In descending order, by date published.
Successful vegetable production generally requires the grower to make daily decisions regarding pest management, irrigation, and cultural practices. Would-be growers unwilling to make serious investments of time (and money) should not attempt to expand beyond a space at the farmers' market. It is important for vegetable growers to have a market outlet for their product before they choose to start production.
Este manual es el resultado de los esfuerzos del equipo de MIP en vegetales de la Universidad de Kentucky. Financiamiento para esta publicacion fue proporcionado por la Proteccion de Cultivos y Manejo de Plagas (CPPM), el Programa de Implementacion de Extension (EIP), propuesta No. 2021-70006-35440 de el Instituto Nacional de Alimentos y Agricultura de la USDA. La version en espanol de esta publicacion fue posible gracias a fondos de la USDA Smith-Lever.
Este manual es el resultado de los esfuerzos del equipo de MIP en vegetales de la Universidad de Kentucky. Financiamiento para esta publicacion fue proporcionado por el programa de Manejo Integrado de Plagas de la Universidad de Kentucky.
This report is a bit different from previous reports in that it represents two years' worth of work. It is also smaller than the reports of previous years. In 2021, a tornado destroyed much of our research center in Princeton, KY, and in 2022, a flood destroyed much of our research center in Quicksand, KY. Although both locations are rebuilding as quickly as they can, research trials have been hindered. We hope to have more trials and more reports in the future. Research was conducted by University of Kentucky faculty, staff, and students from the Department of Horticulture, as well as faculty and staff of Kentucky State University.
Composting is the controlled breakdown of materials such as leaves, grass clippings, and food scraps, also called organic matter. During composting, tiny microorganisms feed on these leftovers. Once the microorganisms are done eating, compost will be all that remains.
Long before the term "sustainable" became a household word, farmers were implementing sustainable practices in the form of integrated pest management (IPM) strategies. IPM uses a combination of biological, cultural, physical, and chemical methods to reduce and/or manage pest populations. These strategies are used to minimize environmental risks, costs, and health hazards. Pests are managed, to reduce their negative impact on the crop, but they are rarely eliminated entirely.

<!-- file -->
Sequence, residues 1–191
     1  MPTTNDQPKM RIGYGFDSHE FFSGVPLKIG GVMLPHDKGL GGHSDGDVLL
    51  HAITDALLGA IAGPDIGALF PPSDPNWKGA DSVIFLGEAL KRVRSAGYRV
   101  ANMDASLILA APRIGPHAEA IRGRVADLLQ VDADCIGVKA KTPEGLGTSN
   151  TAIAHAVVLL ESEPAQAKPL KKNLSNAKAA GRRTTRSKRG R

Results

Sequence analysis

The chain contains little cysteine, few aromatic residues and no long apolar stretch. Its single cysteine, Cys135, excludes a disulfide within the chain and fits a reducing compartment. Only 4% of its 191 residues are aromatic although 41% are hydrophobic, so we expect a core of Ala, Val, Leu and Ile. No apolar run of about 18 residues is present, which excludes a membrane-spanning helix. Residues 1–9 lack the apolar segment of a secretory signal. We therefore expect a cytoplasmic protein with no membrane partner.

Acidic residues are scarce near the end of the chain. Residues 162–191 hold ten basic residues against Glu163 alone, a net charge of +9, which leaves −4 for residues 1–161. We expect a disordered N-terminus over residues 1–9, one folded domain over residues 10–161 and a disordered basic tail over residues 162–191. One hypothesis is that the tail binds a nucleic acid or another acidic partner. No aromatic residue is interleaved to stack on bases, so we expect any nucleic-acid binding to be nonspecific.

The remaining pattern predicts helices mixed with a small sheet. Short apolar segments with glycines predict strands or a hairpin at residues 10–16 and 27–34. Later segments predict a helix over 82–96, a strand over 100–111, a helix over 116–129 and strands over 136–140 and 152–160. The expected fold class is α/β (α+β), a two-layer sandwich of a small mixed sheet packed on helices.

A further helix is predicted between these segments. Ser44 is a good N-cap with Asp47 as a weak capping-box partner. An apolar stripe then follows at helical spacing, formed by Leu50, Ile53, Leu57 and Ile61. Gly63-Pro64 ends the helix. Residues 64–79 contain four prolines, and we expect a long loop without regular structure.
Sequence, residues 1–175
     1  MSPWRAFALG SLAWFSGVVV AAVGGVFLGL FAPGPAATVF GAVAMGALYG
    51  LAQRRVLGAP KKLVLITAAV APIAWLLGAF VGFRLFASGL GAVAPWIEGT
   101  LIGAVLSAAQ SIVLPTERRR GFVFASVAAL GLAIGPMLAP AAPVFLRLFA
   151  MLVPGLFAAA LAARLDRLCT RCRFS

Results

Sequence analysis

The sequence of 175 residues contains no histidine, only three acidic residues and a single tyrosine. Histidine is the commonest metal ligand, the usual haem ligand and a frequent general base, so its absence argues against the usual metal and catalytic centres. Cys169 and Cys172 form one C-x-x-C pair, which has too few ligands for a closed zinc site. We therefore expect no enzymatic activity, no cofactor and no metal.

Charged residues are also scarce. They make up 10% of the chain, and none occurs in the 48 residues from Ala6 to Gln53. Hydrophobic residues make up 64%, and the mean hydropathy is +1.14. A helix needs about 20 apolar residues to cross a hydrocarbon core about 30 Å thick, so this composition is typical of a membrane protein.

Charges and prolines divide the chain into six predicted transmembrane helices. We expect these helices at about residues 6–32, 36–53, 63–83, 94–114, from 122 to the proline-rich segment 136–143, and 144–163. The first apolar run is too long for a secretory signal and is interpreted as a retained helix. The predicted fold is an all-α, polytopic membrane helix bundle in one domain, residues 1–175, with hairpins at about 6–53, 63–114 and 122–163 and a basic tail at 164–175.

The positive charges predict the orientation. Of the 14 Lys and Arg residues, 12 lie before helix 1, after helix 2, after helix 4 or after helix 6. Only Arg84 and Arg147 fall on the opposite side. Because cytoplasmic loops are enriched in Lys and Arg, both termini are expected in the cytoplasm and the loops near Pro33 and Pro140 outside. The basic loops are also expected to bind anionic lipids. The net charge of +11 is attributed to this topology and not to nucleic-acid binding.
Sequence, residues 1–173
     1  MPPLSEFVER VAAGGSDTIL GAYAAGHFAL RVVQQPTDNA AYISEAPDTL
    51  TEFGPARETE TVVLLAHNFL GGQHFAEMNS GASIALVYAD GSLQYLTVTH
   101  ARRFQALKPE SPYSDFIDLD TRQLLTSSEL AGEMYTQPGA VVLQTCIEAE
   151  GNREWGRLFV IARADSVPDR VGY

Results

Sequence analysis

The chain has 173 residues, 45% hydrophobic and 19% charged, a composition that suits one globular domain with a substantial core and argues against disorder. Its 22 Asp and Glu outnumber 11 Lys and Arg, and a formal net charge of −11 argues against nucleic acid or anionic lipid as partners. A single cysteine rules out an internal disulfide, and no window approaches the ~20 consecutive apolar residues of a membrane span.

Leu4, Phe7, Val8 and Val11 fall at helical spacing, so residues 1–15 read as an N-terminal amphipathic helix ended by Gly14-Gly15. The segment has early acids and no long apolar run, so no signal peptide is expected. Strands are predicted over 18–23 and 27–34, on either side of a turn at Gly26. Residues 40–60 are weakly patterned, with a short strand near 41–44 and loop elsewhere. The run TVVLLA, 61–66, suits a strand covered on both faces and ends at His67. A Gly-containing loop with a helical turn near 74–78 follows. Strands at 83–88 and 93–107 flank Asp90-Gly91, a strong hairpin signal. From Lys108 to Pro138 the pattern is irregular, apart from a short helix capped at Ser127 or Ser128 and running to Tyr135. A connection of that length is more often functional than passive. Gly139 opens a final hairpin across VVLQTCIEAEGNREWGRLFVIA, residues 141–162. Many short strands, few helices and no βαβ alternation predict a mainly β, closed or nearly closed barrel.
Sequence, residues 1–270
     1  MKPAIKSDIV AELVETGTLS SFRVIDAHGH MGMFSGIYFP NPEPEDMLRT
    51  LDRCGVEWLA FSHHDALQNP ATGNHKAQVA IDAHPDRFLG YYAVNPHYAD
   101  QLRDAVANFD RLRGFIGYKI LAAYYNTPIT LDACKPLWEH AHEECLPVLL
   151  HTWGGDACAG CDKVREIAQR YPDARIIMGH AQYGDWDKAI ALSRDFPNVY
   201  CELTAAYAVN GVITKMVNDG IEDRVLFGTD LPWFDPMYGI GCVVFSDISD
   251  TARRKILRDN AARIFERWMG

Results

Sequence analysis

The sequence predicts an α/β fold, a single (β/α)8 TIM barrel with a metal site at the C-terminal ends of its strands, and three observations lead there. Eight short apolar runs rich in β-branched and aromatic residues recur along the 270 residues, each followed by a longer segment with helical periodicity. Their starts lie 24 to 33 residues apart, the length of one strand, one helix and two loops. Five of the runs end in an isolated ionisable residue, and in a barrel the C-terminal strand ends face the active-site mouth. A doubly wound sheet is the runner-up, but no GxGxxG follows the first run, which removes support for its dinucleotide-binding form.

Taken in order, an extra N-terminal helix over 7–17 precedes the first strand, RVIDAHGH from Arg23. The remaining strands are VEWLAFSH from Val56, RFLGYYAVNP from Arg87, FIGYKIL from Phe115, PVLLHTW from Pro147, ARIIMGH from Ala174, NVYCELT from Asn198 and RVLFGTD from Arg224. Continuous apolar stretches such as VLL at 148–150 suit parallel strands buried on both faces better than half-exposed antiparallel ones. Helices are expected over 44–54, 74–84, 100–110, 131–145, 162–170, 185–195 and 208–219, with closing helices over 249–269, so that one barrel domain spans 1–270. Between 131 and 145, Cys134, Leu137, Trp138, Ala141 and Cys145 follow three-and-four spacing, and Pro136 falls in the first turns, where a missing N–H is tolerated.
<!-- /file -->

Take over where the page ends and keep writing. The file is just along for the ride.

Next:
Authors: Sharon Bale, Tom Barnes, Jessica Bessin, Kenneth Clayton, Rick Durham, Bill Fountain, J.D. Green, Kelly Jackson, Krista Jacobsen, Jonathan Larson, Brad Lee, Kimberly Leonberger, Adam Leonberger, Gregg Munshaw, A.J. Powell, Edwin Ritchey, Rachel Rudolph, Robbie Smith, Matthew Springer, Lee Townsend, Nicole Ward Gauthier, Stacy White, Mark Williams, Erica Wood, Shawn Wright
Plants are essential to life on earth. Either directly or indirectly, they are the primary food source for humans and other animals. Additionally, they provide fuel, replenish the earth's oxygen supply, prevent soil erosion, slow down wind movement, cool the atmosphere, provide wildlife habitat, supply medicinal compounds, and beautify our surroundings.
Departments: Bell County, Christian County, County Extension, Entomology, Extension Office, Forestry and Natural Resources, Franklin County, Hopkins County, Horticulture, Mercer County, Plant and Soil Sciences, Plant Pathology
Series: Interdepartmental (ID series)
Size: 63.04 mb
Proper identification of pathogens and insect pests as well as nutritional and physiologic disorders and even herbicide drift is essential to determining the proper course of action. The pictures included in this guide represent some common pests or problems that growers may encounter when producing solanaceous crops (tomatoes, peppers, eggplant, and potatoes) in Kentucky.